FEAST WITH FOOLS
03/05/2020 - 03/05/2020
His Quite Excellent Lordship & Master of Ceremonies Baron Alfalfa l’Falfalfa Romeo di Trampolino requests the pleasure of your company at our annual Feast* in celebration of Fools past and present.
Sunday, May 3rd
Please be seated by 5:55pm
Dinner will begin promptly at 6:00 p.m.
*This year, due to unmentionable circumstances, our annual feast will be digitised. Baron Romeo and his formal guests will be eating via live-stream from his castle. Peasants (like you) will have to supply your own meal at home.
Admission is Pay-As-You-Wish
Featuring the foolish talents of:
Theatre , Clown ,
Good components but lacks structure
Review by John Smythe 05th May 2020
Never in the long and esteemed history of clowning have clowns been so restricted by technology. The rustic fool of ancient Greece and Rome, the zanni of commedia dell’arte and its wider European equivalents, the court jester-cum-fool (as in Shakespeare plays) all had plenty of physical space to work in and, crucially, other characters to play off and live audiences to interact with. Even the silent movie clown (Keaton, Chaplin et al), unable to speak, had plenty of scope when it came to filmed and edited action – often re-edited following audience testing.
Of course constraints can be a boon to creative artists. Necessity is the mother of invention (as noted in Plato’s Republic) – hence Theatreview’s declaration of a COVID-19 Lockdown Festival 2020, as a means of grouping, honouring and critiquing the range of performing arts experiences available online, in a variety of formats.*
According to Wiki, the Feast of Fools was a medieval festival where lower-ranking clergy would be elected to the roles of false Bishop, Archbishop or Pope and mock ecclesiastical rituals. More recently, the annual Bread & Circus World Buskers Festival in Christchurch has featured a Feast of Fools billed as “An eye-opening gastronomic and theatrical escapade. This is a masked moving feast of unexpected food and theatrical adventures unlike any other. Think medieval banquet meets adult Alice in Wonderland. Think Heston Blumenthal meets Carnival of Venice.” Also billed at an eye-watering $199 per ticket, it promised an exceptional communal experience.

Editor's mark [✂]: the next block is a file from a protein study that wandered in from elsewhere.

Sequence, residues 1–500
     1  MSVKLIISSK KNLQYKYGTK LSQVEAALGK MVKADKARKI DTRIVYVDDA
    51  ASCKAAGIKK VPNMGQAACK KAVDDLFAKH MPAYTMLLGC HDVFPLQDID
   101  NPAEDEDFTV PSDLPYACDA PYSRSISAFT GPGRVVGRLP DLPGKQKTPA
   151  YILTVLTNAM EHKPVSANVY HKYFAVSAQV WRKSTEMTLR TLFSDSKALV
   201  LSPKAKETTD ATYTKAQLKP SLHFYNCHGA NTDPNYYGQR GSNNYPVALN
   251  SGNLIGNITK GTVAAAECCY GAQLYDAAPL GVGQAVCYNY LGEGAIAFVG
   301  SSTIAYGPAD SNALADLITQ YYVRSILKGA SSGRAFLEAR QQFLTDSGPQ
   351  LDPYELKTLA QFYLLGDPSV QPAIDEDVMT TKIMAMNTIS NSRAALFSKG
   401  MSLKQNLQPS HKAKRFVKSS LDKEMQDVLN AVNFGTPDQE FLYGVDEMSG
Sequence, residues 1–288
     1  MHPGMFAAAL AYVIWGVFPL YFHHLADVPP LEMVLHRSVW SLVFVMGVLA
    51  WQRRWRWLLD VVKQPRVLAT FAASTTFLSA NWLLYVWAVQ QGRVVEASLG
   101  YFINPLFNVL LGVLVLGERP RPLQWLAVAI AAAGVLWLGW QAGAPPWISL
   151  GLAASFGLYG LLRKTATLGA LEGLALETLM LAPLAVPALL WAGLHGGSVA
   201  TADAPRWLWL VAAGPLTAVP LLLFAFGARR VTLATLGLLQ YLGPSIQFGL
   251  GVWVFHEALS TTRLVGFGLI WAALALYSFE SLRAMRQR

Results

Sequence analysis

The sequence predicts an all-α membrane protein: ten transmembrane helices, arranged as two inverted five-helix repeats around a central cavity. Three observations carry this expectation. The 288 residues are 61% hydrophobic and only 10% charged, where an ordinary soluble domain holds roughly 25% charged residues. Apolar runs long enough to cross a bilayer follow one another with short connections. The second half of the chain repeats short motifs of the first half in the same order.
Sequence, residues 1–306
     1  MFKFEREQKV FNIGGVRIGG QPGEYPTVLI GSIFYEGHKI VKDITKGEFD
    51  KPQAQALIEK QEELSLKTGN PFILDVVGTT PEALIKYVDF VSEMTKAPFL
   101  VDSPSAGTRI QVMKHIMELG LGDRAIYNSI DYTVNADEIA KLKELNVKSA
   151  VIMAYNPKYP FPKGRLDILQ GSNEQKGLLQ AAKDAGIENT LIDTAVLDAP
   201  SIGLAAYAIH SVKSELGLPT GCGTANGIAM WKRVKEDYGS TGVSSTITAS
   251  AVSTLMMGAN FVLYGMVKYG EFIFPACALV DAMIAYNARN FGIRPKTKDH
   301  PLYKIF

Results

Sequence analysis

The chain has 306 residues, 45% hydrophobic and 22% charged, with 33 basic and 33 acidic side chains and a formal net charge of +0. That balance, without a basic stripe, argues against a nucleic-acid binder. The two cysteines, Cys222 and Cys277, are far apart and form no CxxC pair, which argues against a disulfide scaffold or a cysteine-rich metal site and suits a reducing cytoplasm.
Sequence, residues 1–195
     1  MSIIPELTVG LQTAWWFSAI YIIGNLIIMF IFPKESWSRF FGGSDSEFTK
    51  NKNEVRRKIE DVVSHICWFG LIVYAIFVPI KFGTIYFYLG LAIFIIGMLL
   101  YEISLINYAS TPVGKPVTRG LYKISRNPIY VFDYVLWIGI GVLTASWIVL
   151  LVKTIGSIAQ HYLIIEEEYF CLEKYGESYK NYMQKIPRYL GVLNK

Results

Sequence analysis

Back in the unreal world of COVID-19 Lockdown, we attend the Feast with Fools (note the recent change from ‘of’ to ‘with’) at the behest of His Quite Excellent Lordship & Master of Ceremonies Baron Alfalfa l’Falfalfa Romeo di Trampolino. “This year,” the invitation notes, “due to unmentionable circumstances, our annual feast will be digitised. Baron Romeo and his formal guests will be eating via live-stream from his castle. Peasants (like you) will have to supply your own meal at home.”
It’s a ‘Pay-As-You-Wish’ event that continues the ‘Zoom-to-your-rooms’ experiment that has been explored for five weeks so far* and the impressive line-up of talent bodes well. Rather than classic clown (aka fool) personae, the performers bring a range of archetypal and/or mythical characters – many clearly sourced from medieval times – to the virtual table, plus two from actual history and a ring-in from ‘out of town’. While the show was planned and prepared, I have no idea how much was rehearsed.
As Baron Alfalfa l’Falfalfa Romeo di Trampolino, the MC, dressed in the style of a circus ringmaster and sporting an Italian accent, Thomas LaHood eschews the usual ‘hoopla’ of the role for a relatively fumbly intro, possibly exacerbated by things not turning out quite as planned. Indeed he admits to talking rubbish while waiting for the guests to arrive online.
Anya Tate-Manning manifests as Swamp Witch Hinriikau, adorned in fresh green foliage despite being from the frozen swamps of the North.
The Actress from Out of Town is Australian Comedian Tessa Waters, who has eschewed the pizzazz her known range of performance personae for a sweet and friendly domestic home-body.
Angela Fouhy sports marker-pen eyebrows and beard as Longbottom Geoffrey, peering rabbit-like over a plate of fresh figs alongside a large jug and a wine glass.
Sedate and earnest in her cloister is Ania Upstill’s Abbess of the Eternal Foreboding, ready to regale us with readings from a good book (containing, if I decipher my notes correctly, the insights of one Baroness Clarissa de Champignon).
Elle Wootton brings us into the realm of medieval witchcraft with her Ethel Klum – I can almost smell the putrid potions – although her front is a old Curiosity Shop offering 50% off everything.
A facsimile of Ferdinand Marcos – not the actual historical one, we are assured – is brought to the party by Filipino-Kiwi David Correos.
And who is that in a red silk frock coat at a piano but Wolfgang (Amadeus Mozart), played by an almost unrecognisable Carrie Green. His cat-headed servant Pussy brings him a whole chicken